There was to be no dinner on the second or subsequent nights. This fact was unknown to us on the Sunday evening, the day of our arrival, when we entered the dining room as the clock from the nearby church struck eight. Just as the Signora Bertolini had promised rooms with a view, so the Hotel Blaha Lujza had enticed us with half board.
|Hotel Blaha Lujza, Balatonfured [click to enlarge this and all images]|
But it was not to be. The information being given out, somewhat ingenuously we thought, as the soup plates were cleared and the fish placed before us. However, breakfast would, we were assured, as though not to be denied a prize altogether, be served each day at the advertised times.
|the hospital glimpsed through the trees across the square at Balatonfured|
The Hotel Blaha Lujza, originally home to the eponymous nineteenth century singer, fondly referred to as the Nation's Nightingale, stands close to the shores of Lake Balaton at the heart of the picturesque Balatonfured. Once reserved for the Party faithful, and elite, this lakeside resort has, in recent years, transformed itself into the most fashionable and delightful of watering places.
|swans cluster at the water's edge alongside the tree shaded promenade|
A broad promenade, shaded by plane trees, their peeling bark revealing deep pools of clotted cream, runs alongside the languid water where sailing craft slip silently among the gliding swans. Across the lake the sun glints on the Abbey of Tihany from where, in earlier times, as an Empire collapsed, the last King of Hungary sought refuge and then stole away from crown and country.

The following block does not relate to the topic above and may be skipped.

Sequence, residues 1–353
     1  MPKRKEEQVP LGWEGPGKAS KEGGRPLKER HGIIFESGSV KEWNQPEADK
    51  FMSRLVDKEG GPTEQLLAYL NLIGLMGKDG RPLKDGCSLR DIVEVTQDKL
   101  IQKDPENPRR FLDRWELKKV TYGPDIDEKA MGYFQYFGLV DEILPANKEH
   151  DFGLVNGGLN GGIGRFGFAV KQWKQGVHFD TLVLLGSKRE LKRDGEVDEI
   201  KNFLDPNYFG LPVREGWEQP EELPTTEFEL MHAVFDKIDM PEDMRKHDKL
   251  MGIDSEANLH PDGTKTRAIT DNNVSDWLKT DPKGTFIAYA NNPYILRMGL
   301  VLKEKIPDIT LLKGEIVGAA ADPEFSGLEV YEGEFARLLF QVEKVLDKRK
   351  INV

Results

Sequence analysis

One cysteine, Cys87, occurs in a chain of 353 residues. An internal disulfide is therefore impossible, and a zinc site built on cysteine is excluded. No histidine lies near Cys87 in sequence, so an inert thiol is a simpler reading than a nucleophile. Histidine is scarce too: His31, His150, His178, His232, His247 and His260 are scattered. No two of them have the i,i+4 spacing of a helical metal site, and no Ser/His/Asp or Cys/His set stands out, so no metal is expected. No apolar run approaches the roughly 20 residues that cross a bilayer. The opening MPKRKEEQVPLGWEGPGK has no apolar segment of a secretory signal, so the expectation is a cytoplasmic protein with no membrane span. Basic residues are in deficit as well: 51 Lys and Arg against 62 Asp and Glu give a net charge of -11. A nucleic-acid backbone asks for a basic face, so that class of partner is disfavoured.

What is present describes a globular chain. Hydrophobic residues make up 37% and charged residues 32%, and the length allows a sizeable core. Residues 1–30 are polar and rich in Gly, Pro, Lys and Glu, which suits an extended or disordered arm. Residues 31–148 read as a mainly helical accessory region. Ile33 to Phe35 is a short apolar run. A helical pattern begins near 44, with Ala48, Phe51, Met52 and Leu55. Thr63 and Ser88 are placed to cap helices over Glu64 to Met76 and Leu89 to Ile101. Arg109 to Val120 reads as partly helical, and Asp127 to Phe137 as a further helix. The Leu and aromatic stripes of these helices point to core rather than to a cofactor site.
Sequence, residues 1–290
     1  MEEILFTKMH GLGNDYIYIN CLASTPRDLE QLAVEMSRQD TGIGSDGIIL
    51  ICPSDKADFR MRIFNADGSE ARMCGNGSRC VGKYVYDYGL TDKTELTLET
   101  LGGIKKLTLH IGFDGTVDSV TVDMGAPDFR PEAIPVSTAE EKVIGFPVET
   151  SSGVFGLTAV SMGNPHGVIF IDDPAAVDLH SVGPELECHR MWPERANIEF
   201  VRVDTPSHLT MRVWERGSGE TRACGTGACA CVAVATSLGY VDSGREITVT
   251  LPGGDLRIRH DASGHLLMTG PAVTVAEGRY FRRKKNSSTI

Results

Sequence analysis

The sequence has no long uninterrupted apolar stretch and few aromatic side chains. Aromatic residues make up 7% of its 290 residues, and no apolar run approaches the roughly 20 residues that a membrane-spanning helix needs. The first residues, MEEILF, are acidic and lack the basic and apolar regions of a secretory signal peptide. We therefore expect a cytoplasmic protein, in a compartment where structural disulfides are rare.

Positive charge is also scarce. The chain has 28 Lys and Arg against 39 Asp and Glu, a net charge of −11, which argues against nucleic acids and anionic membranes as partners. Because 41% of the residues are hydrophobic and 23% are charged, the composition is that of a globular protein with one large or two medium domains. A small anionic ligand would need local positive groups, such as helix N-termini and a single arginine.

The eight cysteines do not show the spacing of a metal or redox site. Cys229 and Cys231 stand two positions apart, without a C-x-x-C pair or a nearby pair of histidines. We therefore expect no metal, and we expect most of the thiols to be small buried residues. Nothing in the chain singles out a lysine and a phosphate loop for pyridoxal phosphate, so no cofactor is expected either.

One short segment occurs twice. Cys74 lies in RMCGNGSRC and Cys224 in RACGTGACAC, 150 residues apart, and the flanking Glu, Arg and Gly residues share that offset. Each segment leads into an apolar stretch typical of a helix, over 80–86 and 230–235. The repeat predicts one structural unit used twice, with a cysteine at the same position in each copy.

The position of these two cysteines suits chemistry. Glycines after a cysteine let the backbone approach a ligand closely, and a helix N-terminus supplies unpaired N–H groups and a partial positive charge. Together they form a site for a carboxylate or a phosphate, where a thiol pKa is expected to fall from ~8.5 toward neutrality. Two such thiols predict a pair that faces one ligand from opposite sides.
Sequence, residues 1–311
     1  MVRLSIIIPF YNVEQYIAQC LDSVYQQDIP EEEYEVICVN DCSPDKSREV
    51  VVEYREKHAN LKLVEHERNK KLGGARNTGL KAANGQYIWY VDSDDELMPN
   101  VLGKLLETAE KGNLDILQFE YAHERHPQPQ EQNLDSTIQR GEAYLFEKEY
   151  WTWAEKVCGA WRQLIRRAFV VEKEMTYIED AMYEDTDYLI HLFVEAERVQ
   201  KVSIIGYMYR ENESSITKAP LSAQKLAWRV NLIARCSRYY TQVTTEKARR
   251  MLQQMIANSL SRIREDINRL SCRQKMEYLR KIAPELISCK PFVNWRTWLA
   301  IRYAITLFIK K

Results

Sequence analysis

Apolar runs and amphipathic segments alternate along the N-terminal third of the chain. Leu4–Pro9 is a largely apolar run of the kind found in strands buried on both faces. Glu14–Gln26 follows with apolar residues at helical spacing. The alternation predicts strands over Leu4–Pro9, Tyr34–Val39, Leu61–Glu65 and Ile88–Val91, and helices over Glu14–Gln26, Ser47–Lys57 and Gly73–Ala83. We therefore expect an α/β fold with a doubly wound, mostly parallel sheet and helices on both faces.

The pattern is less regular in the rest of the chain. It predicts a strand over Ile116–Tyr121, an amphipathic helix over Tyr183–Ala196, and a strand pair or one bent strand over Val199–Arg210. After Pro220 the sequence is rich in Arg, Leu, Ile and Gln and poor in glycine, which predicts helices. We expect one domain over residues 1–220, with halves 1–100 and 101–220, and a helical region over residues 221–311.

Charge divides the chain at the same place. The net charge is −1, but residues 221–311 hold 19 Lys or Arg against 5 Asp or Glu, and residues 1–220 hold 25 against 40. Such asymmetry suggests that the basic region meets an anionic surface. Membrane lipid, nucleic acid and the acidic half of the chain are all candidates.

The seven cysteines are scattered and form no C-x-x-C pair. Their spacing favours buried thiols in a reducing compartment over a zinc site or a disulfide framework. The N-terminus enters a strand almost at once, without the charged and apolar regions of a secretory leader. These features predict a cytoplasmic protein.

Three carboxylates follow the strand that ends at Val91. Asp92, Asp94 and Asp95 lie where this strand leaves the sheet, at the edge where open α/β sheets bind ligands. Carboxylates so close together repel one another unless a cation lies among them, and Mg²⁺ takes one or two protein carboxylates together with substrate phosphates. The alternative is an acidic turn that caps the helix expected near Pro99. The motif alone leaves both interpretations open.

|the Abbey of Tihany set high on the hill and seen through a sea of masts|
Across from the main square lies the hospital. Each morning, we observe a motley selection of patients, slipper clad, dressing gowns dangerously slipping, tired nakedness exposed, others in assorted day wear, gravel crunching underfoot, all shuffling towards the central fountain where the healing waters, properties unknown, continuously gush their energising goodness. Some, greedy for more, fill plastic bottles. Liquid hope.
|the front facade of the hospital, facing the square, in Balatonfured|
|from this central spring restorative waters may be taken|
And it is there that we spot our companions from the breakfast table. They too are guests at the Blaha Lujza, but we suspect occupy a ground floor room for age and infirmity surely prevent access to the upper floors. A mother and daughter. Two flightless birds. Both are of an age but the daughter, clothed in rookish black, maintains a gaunt, determined presence. Unsmiling, her glance conveys a dislike of foreigners. Beside her, the sparrow must be fed. Although the day is already hot, fans whir overhead, the mother draws comfort from cardigan and shawl. A woollen skirt sweeps the floor, hiding for the moment tightly buttoned black boots. Later they will progress, at mourners' pace, towards the square.
|on warm, sunny mornings breakfast may be taken before the hotel portico|
But for now breakfast is, as promised, served. We watch, intrigued, as morsels of bread [how else to describe?] are slowly transferred from plate, to finger, to mouth. Each successful bite is rewarded as the daughter, half rising from her seat, leans across the table and pecks her mother on the cheek. The process is repeated. The silence is maintained.
So, just as swallows take flight, the last days of summer fragment into memory and autumn mists creep with stealth along the now deserted shore. Above the town the Budapest train approaches Platform V.
|our compartment on the train bound for Budapest at summer's end|